As a result, then French Prime Minister Pierre Mendes began to withdraw France from Tunisia, with the country gaining independence in March 1956 and the occupying forces finally removing its army completely in 1963.
The legacy of French colonialism in North Africa has had complicated financial, social and cultural repercussions – one of which has been the contradiction between countries in a sporting context.
Given Tunisia’s French colonial history, a fiery atmosphere can be expected in the stands
France and Tunisia met in a friendly match in Rades in preparation for the 2010 World Cup
Various French lace
Remnants of France’s colonial empire can be seen in the diversity of their population in general and in their national football team.
Legends like Patrick Vieira (Senegal), Zinedine Zidane (Algeria) and Marcel Desailly (Ghana) have heritage from other countries.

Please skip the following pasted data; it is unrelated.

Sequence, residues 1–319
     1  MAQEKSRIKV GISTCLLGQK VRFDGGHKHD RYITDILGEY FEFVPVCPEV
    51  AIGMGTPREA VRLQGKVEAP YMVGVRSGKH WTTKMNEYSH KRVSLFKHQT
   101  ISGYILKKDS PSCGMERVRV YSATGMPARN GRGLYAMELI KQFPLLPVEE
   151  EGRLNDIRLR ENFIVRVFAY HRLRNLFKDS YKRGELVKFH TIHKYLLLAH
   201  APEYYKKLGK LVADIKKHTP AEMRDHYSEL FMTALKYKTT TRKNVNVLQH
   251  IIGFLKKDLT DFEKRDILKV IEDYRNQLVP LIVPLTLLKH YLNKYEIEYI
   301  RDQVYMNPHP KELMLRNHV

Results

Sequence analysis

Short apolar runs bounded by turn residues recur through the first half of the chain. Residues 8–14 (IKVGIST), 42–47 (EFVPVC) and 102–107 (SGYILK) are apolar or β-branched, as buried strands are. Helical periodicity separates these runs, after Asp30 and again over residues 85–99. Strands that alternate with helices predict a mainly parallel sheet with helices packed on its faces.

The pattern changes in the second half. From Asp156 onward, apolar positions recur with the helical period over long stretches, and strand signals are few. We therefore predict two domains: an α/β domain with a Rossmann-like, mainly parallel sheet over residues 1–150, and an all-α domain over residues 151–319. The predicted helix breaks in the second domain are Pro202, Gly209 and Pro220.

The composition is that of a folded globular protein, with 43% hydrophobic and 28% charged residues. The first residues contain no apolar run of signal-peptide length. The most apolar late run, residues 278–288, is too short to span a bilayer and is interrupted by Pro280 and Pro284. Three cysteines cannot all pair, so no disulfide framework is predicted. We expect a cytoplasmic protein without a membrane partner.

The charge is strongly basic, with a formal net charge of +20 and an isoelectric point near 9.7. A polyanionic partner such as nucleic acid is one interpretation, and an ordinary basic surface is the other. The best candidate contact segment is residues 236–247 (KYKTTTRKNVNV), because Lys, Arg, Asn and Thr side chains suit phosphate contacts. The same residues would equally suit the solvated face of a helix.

Current players Karim Benzema (Algeria), Kingsley Coman (Guadeloupe), Paul Pogba (Guinea), N’Golo Kante (Mali), Eduardo Camavinga (DR Congo), Kylian Mbappe (Cameroon), Raphael Varane (Martinique), William Saliba ( Lebanon), Matteo Guendouzi (Morocco) and Jules Koude (Benin) all have family roots abroad as well.
While France is far from the only country to benefit from mass immigration from their colonies, this has sometimes led to frustration from, for example, African countries that often lose top talent to their former occupiers.
And can you imagine the scenes when Monaco striker Wissam Ben Yedder, of Tunisian descent, scores for France against the Eagles of Carthage?